This review goes to press just three weeks out from the most consequential election in my lifetime, perhaps in the history of the republic. For those who might judge that hyperbolic, consider that a surprising number of eminent historians – including such iconic scholars in the field as David McCullough, Ron Chernow, Harold Holzer, Bernard Weisberger, Joseph Ellis, and Sean Wilentz – have come together on a Facebook page “Historians on Donald Trump” to post video jeremiads as dire warnings against the election in November 2016 of Donald Trump as President of the United States. Add to that list renowned nonagenarian historian William E. Leuchtenburg, Professor Emeritus of History at The University of North Carolina at Chapel Hill, whose own articulate video cautions us in no uncertain terms that: “What’s especially different about Donald Trump is that he is not a patriot. He has no sense of the American past and he doesn’t understand the achievements of this country. He has said we are a third world nation . . . we are not a third world nation! We are the envy of most of the world . . . and Donald Trump has no sense of the glory of the more than two centuries of the American republic or what we can take pride in today.” [full video at: https://www.youtube.com/watch?v=8YEAPv5hxBw]
Leuchtenburg, author of a numerous Presidential biographies and other works of American history, knows something about Presidents and seeks to showcase his decades of scholarship in the ambitious yet in many ways deeply flawed epic The American President: From Teddy Roosevelt to Bill Clinton. I have read dozens of Presidential biographies, a favorite genre that if well-executed not only examines the specific figure but lends focus to an entire era of American history. In this election year, I was drawn to Leuchtenburg’s book because it promised a consecutive survey of twentieth century Presidents which presents a connectivity to the Oval Office ever lacking when each chief executive is treated in isolation. The problem, of course, with a single volume approach is that even with a truly big book like this – The American President is 812 pages – there simply is not adequate space to do appropriate justice to each figure under consideration, especially when there are seventeen such figures and one of them is the historic giant of the century Franklin Roosevelt, and some of the others include such complex characters as Theodore Roosevelt, Woodrow Wilson and Richard Nixon. Typical “handbooks” of American Presidents end up as little more than a series of Wikipedia-like entries. Leuchtenburg the noted historian aspires to much more than that, and not unexpectedly falls short.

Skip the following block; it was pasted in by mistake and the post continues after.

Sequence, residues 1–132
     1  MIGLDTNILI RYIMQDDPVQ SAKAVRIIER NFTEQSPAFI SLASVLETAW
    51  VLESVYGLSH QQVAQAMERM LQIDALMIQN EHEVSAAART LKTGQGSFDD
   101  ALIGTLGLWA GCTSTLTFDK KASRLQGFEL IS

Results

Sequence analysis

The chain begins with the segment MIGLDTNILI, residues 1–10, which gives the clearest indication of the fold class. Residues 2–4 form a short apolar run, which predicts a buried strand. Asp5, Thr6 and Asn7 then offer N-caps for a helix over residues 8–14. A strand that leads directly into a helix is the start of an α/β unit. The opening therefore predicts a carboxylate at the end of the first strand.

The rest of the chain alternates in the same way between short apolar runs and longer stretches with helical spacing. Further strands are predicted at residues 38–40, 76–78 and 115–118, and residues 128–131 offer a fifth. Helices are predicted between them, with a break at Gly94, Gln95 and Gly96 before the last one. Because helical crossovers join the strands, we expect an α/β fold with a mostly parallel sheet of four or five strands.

In the end, Leuchtenburg compromises and his portraits are an uneven swirl of careful biographical studies and sometimes awkward editorials which occasionally drift off to little more than polemic that leaves the nuance and complexity so critical to historical studies somewhere way off in the dust. This book has been criticized for not including footnotes, although Leuchtenburg reveals in the prologue that he was specifically asked not to annotate the volume as such. That turns out to be an unshackling convenience for the author as his history is overshadowed by his summary judgement of the White House occupants that he considers. That my own politics and Leuchtenburg’s often coincide – I too find little to praise in the respective tenures of Richard Nixon and Ronald Reagan — makes me no less uncomfortable as a historian with the license he grants himself to blatantly and often sweepingly pronounce sentence upon his subjects.
The American President does not start off that way. Indeed, his opening analyses of Theodore Roosevelt and Woodrow Wilson reflect a far more scholarly approach to his subjects, warts and all. He rightly identifies Roosevelt, the accidental President (upon McKinley’s assassination), for playing the pivotal part in the reshaping of the office of POTUS for the twentieth century and expanding the role of the White House in national affairs, something not seen since Lincoln’s days in Washington during the Civil War. And TR in peacetime was in many ways to go far beyond Lincoln during armed insurrection, paving the way for a far more powerful Chief Executive. Without Teddy Roosevelt, the kind of imperial presidencies of a Woodrow Wilson or a Franklin Roosevelt or a Richard Nixon might never have been possible.
The author gives short shrift to Taft, probably deservedly, and cuts corners for the sake of brevity – unfairly I think – by combining Harding, Coolidge and Hoover to a single dismissive chapter. A biographer of FDR in other volumes, Leuchtenburg expertly charts Roosevelt’s impressive accomplishments in leading the nation during the dark days of depression and war, crediting him for much but not failing to identify his various flaws and missteps, including the egregious court-packing attempt and the internment of Japanese-Americans. Next, he attempts to make some sense out of the chaotic Truman era of dramatic peaks and valleys, acclaim and condemnation, although that probably is not achievable in the delimited space allowed. Despite recent revisionist attempts to credit Eisenhower with more than his due, Leuchtenburg concurs with the consensus of historians that other than demonstrating appropriate caution in dangerous times, the popular Ike proved to be a fine general but a rather mediocre President whose two terms can perhaps best be summed up, in Stephen Ambrose’s words, as “the time of the great postponement,” because Eisenhower’s failure to act in so many critical arenas simply kicked the dangerous cans down the road of civil rights, urban decay, poverty and “a Cold War warming toward combustion.” [p385]